In late December, a team of young cadets from the Royal Military College in Canada traveled to Africa, where they had quite an experience. The team went there to climb Kilimanjaro, with the hopes of raising $20,000 for a new “Summit Scholarship” that would allow a former child solider from Africa to attend university in Canada. While any Kili climb is an adventure in and of itself, that was just the tip of the iceberg for what they found on their journey through the continent.
You can read the long and detailed, yet very interesting, trip report by clicking here. It has some great insights into climbing Kili, which will definitely be appreciated by anyone considering a climb of their own, but also discusses the other aspects of the cadets’ journey through Africa as well. For instance, upon their arrival to Nairobi, Kenya they spent the first couple of days visiting local hospitals and slums and getting an education on what life in Africa is truly like. It was an eye-opening experience for the young men and women on the trip. They also had an opportunity to interact with African wildlife, visiting rehabilitation centers for elephants, giraffes, and other creatures.
After getting their legs back under them, and acclimatizing to the sights and sounds of Africa, it was time to move on to Tanzania and Kilimanjaro, which they climbed along the Umbwe route. As I mentioned above, they go into good detail on their climb, sharing all kinds of experience from the trail, which was a focal point of their visit. Their African adventure wasn’t over after a successful summit however, as they then moved on to Rwanda, where they spent a week learning about the culture and history there, including the horrible genocide that went down in the 1994. Some of the team even ventured into Volcanoes National Park, where they had the opportunity to interact with the famed mountain gorillas that live there.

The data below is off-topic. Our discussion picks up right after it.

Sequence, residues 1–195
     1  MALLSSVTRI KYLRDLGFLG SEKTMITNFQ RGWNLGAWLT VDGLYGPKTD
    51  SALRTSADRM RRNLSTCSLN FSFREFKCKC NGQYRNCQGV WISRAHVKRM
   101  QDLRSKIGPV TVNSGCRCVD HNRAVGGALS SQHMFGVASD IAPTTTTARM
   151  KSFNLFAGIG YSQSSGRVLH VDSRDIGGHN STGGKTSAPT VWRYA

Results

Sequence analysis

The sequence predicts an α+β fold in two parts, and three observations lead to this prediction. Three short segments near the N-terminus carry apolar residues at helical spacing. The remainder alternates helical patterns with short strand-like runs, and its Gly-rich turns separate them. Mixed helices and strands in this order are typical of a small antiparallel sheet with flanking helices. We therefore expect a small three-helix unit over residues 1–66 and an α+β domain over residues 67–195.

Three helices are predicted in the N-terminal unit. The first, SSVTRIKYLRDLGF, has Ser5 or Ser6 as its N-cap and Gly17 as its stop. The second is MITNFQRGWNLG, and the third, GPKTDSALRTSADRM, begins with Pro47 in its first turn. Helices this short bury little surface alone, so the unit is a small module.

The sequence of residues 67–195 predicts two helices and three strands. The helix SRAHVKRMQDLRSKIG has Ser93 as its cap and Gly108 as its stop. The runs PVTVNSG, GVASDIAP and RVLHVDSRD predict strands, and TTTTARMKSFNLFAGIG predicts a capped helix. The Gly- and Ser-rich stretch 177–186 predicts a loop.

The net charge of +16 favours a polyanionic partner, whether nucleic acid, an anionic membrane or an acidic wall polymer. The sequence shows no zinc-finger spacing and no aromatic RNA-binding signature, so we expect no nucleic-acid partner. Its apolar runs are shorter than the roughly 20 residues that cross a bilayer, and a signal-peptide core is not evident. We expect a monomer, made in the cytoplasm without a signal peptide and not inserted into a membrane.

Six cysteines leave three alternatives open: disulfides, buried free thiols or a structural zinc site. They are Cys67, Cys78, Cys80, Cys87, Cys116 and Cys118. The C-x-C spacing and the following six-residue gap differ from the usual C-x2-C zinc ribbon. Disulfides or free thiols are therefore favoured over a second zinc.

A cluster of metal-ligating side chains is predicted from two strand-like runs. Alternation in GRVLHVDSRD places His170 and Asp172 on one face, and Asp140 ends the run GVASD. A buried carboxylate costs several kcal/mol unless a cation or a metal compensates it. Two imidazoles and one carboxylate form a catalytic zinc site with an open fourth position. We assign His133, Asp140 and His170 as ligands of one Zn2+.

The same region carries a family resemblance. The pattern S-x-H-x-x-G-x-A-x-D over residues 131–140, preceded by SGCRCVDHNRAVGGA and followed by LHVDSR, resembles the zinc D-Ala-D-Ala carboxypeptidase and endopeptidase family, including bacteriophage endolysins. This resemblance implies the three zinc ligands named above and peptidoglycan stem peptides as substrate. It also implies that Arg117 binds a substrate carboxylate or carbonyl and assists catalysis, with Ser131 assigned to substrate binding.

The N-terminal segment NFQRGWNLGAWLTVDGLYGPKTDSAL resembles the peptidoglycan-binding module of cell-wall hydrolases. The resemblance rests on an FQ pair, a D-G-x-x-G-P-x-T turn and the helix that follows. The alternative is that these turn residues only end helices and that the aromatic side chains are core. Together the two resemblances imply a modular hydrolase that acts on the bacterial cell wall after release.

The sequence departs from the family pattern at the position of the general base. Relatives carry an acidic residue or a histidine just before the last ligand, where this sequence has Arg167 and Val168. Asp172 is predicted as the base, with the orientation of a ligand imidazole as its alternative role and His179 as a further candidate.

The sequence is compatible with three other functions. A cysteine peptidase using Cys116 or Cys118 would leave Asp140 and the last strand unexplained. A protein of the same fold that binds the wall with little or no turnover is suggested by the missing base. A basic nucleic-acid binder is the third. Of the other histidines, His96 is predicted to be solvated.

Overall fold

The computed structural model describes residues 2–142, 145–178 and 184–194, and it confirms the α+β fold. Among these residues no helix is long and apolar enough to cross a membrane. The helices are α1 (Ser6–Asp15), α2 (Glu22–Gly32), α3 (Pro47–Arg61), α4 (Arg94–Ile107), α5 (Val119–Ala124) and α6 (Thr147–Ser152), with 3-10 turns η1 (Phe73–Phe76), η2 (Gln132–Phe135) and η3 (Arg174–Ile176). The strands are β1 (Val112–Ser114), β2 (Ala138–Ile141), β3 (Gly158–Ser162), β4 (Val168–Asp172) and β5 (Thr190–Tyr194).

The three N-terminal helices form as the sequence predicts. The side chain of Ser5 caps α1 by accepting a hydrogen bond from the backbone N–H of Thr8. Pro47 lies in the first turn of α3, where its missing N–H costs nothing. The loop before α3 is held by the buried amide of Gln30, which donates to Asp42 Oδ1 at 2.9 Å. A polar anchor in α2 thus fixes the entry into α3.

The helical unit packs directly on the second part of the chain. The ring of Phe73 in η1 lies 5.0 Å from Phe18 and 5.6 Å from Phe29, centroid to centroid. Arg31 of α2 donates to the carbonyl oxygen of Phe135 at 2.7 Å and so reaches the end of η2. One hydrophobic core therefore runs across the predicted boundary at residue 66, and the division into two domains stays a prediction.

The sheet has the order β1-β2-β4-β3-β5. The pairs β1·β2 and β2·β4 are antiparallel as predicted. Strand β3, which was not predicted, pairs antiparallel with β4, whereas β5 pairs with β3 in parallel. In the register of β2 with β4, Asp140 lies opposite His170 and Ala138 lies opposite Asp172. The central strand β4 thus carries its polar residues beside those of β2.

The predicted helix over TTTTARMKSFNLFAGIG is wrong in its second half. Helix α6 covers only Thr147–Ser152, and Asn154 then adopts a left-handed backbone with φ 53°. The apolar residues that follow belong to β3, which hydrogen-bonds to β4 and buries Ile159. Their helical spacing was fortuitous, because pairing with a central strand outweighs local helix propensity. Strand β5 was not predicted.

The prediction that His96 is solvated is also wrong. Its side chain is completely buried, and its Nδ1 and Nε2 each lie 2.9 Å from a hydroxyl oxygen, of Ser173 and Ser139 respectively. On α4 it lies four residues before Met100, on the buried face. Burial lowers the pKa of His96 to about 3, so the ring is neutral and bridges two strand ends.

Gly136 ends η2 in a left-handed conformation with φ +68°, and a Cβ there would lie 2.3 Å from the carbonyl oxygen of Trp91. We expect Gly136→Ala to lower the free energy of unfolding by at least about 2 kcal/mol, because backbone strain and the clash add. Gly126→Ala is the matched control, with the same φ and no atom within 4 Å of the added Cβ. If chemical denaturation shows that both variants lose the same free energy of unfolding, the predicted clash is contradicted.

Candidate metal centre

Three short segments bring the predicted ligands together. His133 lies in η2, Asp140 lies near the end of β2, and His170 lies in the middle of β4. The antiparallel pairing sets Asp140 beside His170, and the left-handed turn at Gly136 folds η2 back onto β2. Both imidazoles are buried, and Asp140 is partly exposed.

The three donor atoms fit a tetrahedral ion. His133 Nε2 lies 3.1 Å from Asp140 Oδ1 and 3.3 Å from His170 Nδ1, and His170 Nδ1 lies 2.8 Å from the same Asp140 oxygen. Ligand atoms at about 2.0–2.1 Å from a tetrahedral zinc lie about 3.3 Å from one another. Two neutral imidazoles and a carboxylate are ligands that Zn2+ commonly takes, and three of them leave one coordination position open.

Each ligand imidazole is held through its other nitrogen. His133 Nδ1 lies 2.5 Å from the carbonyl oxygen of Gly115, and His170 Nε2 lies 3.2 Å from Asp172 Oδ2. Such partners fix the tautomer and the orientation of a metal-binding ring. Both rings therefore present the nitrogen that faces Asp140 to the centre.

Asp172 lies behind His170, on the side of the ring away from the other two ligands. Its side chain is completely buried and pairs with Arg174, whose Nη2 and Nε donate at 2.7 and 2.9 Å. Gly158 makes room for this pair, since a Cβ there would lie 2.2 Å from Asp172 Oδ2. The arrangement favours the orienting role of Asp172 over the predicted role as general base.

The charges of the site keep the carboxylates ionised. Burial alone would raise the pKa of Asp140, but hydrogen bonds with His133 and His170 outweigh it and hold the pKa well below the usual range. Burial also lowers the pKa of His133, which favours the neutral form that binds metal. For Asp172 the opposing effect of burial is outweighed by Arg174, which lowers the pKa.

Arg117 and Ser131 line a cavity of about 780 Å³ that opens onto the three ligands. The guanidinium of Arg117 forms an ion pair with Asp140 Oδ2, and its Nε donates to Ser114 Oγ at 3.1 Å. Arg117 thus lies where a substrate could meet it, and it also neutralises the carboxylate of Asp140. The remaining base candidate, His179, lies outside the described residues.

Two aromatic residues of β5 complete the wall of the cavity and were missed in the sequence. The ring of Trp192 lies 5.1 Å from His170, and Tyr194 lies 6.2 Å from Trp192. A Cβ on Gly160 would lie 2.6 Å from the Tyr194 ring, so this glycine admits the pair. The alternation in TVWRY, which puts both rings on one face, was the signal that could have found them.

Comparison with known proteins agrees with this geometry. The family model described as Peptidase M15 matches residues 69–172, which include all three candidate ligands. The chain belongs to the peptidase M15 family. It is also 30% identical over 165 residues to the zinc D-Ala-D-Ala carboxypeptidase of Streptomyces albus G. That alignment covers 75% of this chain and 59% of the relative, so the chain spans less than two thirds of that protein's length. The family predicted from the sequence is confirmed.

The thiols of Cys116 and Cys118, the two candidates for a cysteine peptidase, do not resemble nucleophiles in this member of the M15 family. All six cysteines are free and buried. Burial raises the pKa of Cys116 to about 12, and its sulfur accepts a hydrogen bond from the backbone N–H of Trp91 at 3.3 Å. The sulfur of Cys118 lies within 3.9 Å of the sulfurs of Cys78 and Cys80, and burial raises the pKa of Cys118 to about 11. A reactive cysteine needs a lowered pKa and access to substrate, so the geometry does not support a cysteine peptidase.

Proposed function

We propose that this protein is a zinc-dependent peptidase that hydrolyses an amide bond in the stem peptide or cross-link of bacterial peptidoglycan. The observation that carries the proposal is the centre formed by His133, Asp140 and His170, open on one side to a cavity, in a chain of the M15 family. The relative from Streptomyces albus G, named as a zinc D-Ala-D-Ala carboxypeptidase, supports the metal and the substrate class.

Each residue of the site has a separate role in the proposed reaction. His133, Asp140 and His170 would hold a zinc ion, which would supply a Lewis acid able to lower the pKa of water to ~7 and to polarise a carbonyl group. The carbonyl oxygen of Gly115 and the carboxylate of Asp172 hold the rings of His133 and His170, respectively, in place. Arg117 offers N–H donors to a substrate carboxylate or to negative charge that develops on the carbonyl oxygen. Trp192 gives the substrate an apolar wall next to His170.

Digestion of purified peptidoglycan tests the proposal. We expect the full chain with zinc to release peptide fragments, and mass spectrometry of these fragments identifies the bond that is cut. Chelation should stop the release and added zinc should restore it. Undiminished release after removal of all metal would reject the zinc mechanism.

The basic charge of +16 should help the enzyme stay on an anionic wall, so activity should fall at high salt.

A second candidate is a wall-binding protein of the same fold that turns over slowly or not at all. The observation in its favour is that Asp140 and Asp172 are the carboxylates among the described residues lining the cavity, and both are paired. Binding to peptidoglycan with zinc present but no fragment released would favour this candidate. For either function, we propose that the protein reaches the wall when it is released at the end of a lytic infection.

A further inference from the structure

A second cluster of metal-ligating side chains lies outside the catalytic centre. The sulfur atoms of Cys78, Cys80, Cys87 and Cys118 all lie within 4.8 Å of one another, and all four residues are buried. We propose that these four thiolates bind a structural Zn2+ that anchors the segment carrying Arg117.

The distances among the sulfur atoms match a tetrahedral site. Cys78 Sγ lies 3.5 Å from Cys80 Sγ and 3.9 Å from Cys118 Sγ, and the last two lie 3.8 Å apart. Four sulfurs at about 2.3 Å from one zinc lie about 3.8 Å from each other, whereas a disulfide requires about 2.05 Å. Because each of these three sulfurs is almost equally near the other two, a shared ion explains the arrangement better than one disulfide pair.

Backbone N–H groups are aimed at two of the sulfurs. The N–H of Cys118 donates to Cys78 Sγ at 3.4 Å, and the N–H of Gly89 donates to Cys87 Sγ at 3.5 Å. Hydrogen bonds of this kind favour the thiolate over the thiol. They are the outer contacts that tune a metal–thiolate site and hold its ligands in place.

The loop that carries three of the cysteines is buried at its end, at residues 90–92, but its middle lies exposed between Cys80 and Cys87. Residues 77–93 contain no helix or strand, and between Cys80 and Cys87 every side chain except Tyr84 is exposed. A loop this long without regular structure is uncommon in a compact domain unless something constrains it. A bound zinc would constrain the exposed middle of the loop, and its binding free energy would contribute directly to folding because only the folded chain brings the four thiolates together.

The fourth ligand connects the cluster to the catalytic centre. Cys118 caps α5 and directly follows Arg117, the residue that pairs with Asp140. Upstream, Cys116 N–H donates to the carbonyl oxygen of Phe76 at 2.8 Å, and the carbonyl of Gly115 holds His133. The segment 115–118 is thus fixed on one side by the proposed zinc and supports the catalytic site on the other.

The story is such a good one, as I can tell from reading about the cadets’ experiences that they fell in love with Africa as much as I have. It is a complex, wonderful place, that once it gets into your heart, it is hard to shake. Their experiences were not the norm for many travelers, which makes it all the more interesting to read. It seems pretty clear that this group of young people didn’t come home unchanged by their travels. This sounds like it was an amazing journey and one that I would have loved to have been a part of.
Thanks to John Matlock for sending me this story a few days back.
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